Tesla cars can now protect against biochemical attacks

You'll be safe on EDSA, then
by Drei Laurel | May 4, 2016

Tesla HEPA filter

If you're one of the millions of Filipinos who take public transportation to work, dealing with air pollution is just another part of your everyday routine. By now, no trip to the office is complete without one being enveloped in a thick plume of carbon monoxide along the way.

It's not an ideal situation. Especially considering that the World Health Organization has dubbed the problem as the world's largest environmental health risk. With the way things are worsening, eventually even motorists sitting in the comfort of air-conditioned cars won't be free from the toxicity. After all, a car's aircon filter can't keep every little speck of airborne filth out--unless, of course, you're riding a Tesla.

The American electric car manufacturer felt the need to protect its customers from the growing hazards of air pollution by equipping its vehicles' air-filtration systems with a "Bioweapon Defense Mode." You read that right. While we're waiting for buses along smog-covered EDSA, Tesla customers will now be driving to work in autonomous cars capable of withstanding an airborne chemical attack.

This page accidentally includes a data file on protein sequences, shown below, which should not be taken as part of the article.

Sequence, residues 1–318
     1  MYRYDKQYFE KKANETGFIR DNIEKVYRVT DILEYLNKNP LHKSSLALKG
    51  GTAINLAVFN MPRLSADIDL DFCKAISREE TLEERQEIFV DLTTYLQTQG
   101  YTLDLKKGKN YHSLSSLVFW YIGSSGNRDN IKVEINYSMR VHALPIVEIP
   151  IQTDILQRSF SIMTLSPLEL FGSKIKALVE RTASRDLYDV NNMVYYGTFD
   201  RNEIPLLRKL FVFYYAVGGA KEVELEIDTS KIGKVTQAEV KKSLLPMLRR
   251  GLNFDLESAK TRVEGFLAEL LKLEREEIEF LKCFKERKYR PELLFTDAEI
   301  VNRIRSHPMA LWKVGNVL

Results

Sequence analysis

The HEPA filtration system was inspired by the same ones used in hospitals and the space industry. It rids the outside air of pollen, bacteria and pollution, and continues to do so once air makes its way inside the cabin to eliminate any harmful particles that could find their way inside. The company says the system is hundreds of times more effective than regular filters, and it provides passengers with unparalleled air quality regardless of the environment outside the vehicle.

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To test the filtration system, Tesla built a large air-bubble environment, which it contaminated with extreme levels of air pollution. The carmaker then placed a Tesla vehicle inside and proceeded to activate its Bioweapon Defense Mode.

Not only did the filter prevent pollution levels inside the car from rising (it was undetectable), it also reduced pollution levels outside the vehicle by 40%.  The company says that the results are proof that this tech is more than just another marketing gimmick. "You can literally survive a military-grade biochemical attack by remaining inside your car."

It's a little disheartening to know that breathing clean air can now be considered a luxury. But hey, we can think of a couple of worse ways to die than by choking on dust and allergens. Being crushed by a bus on EDSA, for one, is infinitely more painful.

 

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